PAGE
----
Christina/ January 22, 2012/ Culture

In preparation of my doctoral thesis on discourse and intercultural education I came across the methodology of ethnographic content analysis on the one hand and a research document titled “Peering Beneath the Veil: An Ethnographic Content Analysis of Islam as Portrayed on The 700 Club Following the September 11th Attacks” by Eric Gormly on the other hand.

Discourse analysis is a research programme to reveal the construction of ‘reality’ and ‘stock of knowledge’ within society. In his study, Gormly analyzed over two calender weeks following immediately after the September 11th attacks at total of nine programs broadcasted by the 700 Club -TV station.

Following a review of religious broadcasting intended to give people moral guidance, information, entertainment and as a substitute for secular programs people consider immoral, Gormly looked into The 700 Club program as a key source of information and guidance for Evangelical Christians.

From Gormly’s findings it becomes evident that Pat Robertson, founder of The 700 Club, makes use of the ‘anti-islamic-atmosphere’ which followed the attacks, to place his messages and situate “Islam and Muslims within the same frame as militant Islam, radical Muslims and terrorists”. Besides that, he seized the chance to etch the belief in his audience’s head that “the West – Islam can only the viewed as a threat that strikes at the very core of an Evangelical Christian’s beliefs and therefore must be portrayed that way”.

This might be a starkly example of the constitution of “public truth” and “collective knowledge”. However, mechanism as shown above, are daily used in public discourse. Sometimes in a more descreet way, but identifiable if one wants to.

Let’s look at another evitable ‘harmless’ example: an article on the “Eco-City” Masdar. “Eco” in this content is meant as “greenie” and reveals the subtle irony and disrespect towards the project – no matter whether it is a successful one. The objektive assessment does not seem to be the intention of this article anyway but rather the gloating about a “failed project” in the eyes of Western engineers. Written in the style at is it does not leave a chance to the reader to make up its own opinion.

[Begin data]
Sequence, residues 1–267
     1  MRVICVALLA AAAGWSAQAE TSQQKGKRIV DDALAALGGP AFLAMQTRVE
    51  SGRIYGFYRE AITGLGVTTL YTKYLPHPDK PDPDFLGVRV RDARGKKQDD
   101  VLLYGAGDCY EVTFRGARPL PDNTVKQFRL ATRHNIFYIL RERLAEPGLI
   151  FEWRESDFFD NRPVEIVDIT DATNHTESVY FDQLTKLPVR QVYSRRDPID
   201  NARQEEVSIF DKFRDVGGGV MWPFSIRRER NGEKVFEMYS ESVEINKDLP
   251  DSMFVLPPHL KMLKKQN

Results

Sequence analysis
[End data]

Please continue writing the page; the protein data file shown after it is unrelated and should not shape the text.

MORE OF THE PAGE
Let me give you some examples: The article describes on the one hand, how rich the emirate Abu Dhabi is and desribes the “Masdar City” later as a “green disneyland” which is supposed to build to improve the country’s image. In plain words: “Look at Abu Dhabi, a country rich beyond our dreams not being capable to implement such a project despite of the wealth”.

Another example conspiring in the same way is the article “From Camel to Classics” adhering to the tenor that Oman might be a progressive state in the positive (in the commonly accepted or expected Western way) on the one hand. On the other hand the project of building an opera house in the Arabic World seems to be a little bit crazy and past the populations’ needs. Well, we are talking about the “Arabian Switzlerland” (quote!) here, folks!

The examples given above, apart from the creation of the “evil” other in the first instance, illustrate imply the truth hidden in the unconscious mind: the West still does not meet the Arab World at eye level.

I went to the cinema yesterday to watch Eastwoods latest Masterpiece “J. Edgar”. A very interesting and complex peace of art. The film that is supposed to show the personal side of the FBI-founder portraying Hoover (in the eye of the viewer) as a powerful man yet featuring little self-esteem, due to a lordly mother that “rather wants a dead than a gay son” (hinting at Hoover’s alleged homosexuality. Hoover reportedly found his outlet in the chase of communists and hostile foreigners in the first place and later in the figure of civil-rights activits, such as Martin Luther King. Does this description remind you of somebody who become president some decades later, supposedly a former alcoholic, who later invaded the Iraq (amongst others)? Just a little bit of “history repeating”?

For anybody who is interested in learning how the mass media creates collective knowledge the books “Dining with al-Qaeda” by Hugh Pope is a must.

Futher readings:

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